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    • I'm starting a Cake Panel to tell of our adventure in Utah this last week. We saw the land via climbing, off-roading, hiking, and freezing. Yeah, it's cold there.

      Our group of friends, the panelists of this conversation, consists of no Utah natives, and in fact, half of the group wasn't even born on this continent. Exploring Utah was a unique experience for all of us. @cesar , @mendoza , and our friend Pablo are going to the U of U, so @kevin , @joseph_hsieh , and I rendezvous with them in Salt Lake. From there, we took them out of the bubble to see some red rock.

      Before my friends chime in, I want to beat them to the punch by spoiling the highlights 😉

      This is our group, minus @kevin, the picture-taker:

      @cesar topping out a 5.11:

      A road we almost died on. Can you spot our car?!:

      Another shot of that same road, Shafer Trail Road 👇

    • I’ll start telling the story by talking about our dinner that first night. Sharing my family and culture's recipe’s with friends is the highlight of trips like these. So that I did. I don’t need anything but a metal grill because I prefer to cook all that I can directly on the fire. My food is a Mexican-Spanish fusion, cooked John Muir style. That night I kept it simple. High quality ingridents flame-cooked made some delicious quesadillas. Here's me getting the fire started.

    • Kevin, you’re our personal Chef’s Table. Fire cooking and sketchy food handling are legit. I’d say your food is exceptional if it wasn’t so DAMN spicy. And you give lactose intolerant people a run for their money.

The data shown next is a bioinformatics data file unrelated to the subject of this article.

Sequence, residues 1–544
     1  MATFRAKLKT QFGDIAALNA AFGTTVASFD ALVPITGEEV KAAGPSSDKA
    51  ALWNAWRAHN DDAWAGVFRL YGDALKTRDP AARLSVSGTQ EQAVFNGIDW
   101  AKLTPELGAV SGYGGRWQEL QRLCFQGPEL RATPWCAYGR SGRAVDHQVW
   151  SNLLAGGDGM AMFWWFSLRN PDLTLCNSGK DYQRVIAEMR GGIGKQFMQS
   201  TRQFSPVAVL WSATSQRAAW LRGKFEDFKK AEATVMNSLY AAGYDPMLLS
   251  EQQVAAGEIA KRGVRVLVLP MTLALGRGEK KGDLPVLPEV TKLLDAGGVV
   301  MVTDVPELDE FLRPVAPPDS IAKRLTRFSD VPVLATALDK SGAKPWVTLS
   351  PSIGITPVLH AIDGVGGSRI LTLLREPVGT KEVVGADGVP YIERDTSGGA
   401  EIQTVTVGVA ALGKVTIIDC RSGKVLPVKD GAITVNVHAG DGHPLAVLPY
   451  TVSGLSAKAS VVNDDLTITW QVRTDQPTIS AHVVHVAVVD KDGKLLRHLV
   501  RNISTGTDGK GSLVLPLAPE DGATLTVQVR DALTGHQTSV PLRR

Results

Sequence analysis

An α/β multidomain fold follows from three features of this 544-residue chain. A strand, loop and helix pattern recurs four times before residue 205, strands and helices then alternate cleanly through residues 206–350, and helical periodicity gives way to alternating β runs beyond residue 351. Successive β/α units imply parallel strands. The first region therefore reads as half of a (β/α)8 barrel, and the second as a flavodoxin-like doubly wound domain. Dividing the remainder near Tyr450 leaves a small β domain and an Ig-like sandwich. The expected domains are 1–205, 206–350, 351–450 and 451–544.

• I just love it when Kevin, Alex, and Joseph come to visit, because Mendoza gets his act together and actually cooks food that I can tolerate. It IS suppose to be that spicy, @xelanil. Let us just say that Utah is not a place to find ethnic foods. In Ecuador, we don’t like Mexican food, but here in Utah, it’s heaven. Plus, Kevito is a legit chef.

    • Yes, Kev, you’re food is always amazing. I didn't photograph the food because my focus that first night was on making a schedule for our road trip to southern Utah the next morning. The group had requested I take them climbing, so I was on everyone to get to sleep early so we could wake up at sunrise and rush to the walls of southeastern Utah.

      We went climbing at Wallstreet in Moab, on the Colorado River. Us climbers can have a lack of imagination for naming climbs and rocks:

      Since the group was big and the skill levels diverse, we stayed on the ground doing single pitch climbing. It allowed people to be lazy. We sat in lawn chairs and rooted for each other like we were watching sports.

    • Sorry about that. I also found it fairly sketcky when I climbed it after. My feet would constantly slip on the sand that coated the rock. The sandstone was brittle and I feared holds would break. We both agreed it was a 5.11. I was just glad you didn’t fall, because it was questionable if I could keep you off the deck.

      Here's me gearing up to climb after you:

    • Joseph, you climbed to the top of the highest climb that day. My 70m rope was almost maxed out, so you were ~35 meters up at the top which is above 100 ft. Nice work! That is an impressive first climb!

    • @cesar, I'm glad I checked your harness before you went up because apparently you've never double backed your harness the whole time you've been climbing. PLEASE REMEMBER THIS NEXT TIME.